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Bishops insist collegiality should not challenge papal primacy

This month's Synod of Bishops in Rome has been told that petitions for an increased role of bishops in Church governance must not undermine papal authority.

A number of bishops, including Ecuadorean Bishop José Mario Ruiz Navas and Swiss Bishop Amédée Grab of Chur, president of the Council of European Episcopal Conferences, last week requested that the assembly increase the powers of the bishops' conferences and the synod.

But two of the participants, Hungarian Cardinal Laszlo Paskai, and Mexican Archbishop Luis Morales Reyes, reminded their fellow bishops that collegiality cannot challenge papal primacy, which has an irreplaceable character in the Church.

Cardinal Paskai said he felt obliged to speak in defence of the ministry of the Bishop of Rome, because he believes that it is necessary "to express clearly the doctrine of the Church in our time, where the common sentiment is against authority and hierarchy".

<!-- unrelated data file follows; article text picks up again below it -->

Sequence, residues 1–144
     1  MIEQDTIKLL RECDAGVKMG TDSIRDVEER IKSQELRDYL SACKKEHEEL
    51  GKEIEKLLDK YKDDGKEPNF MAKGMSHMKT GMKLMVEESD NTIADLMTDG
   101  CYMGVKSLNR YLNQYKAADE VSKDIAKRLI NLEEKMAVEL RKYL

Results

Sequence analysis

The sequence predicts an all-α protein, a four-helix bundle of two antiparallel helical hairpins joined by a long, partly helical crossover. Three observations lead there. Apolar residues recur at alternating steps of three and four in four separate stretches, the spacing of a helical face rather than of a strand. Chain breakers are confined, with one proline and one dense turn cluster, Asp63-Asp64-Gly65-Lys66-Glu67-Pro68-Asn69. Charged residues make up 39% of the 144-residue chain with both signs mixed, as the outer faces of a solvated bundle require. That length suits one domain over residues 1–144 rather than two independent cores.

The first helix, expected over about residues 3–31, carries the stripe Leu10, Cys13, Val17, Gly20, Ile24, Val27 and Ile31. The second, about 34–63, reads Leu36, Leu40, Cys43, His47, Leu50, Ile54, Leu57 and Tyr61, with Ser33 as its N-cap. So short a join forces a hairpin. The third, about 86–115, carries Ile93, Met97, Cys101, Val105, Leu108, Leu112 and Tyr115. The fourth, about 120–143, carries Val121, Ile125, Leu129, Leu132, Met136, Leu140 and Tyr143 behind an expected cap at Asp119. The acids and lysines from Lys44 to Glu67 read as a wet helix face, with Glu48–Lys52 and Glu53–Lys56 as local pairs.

The 73-year-old Hungarian cardinal, who for decades suffered from the Communist repression, reminded the assembly that "the person and the service of the Supreme Pontiff has given great spiritual force and strength to the faithful in the past, during the Christian persecutions."

For his part, Archbishop Morales Reyes of San Luis Potosi addressed the question of Peter's Successor, explaining that "faithfulness to this primacy is an integral and unrenounceable part of the Christian faith".

"Episcopal collegiality must be understood in the light of the sources of revelation and not of human or social models with which there could be some apparent resemblance," he added.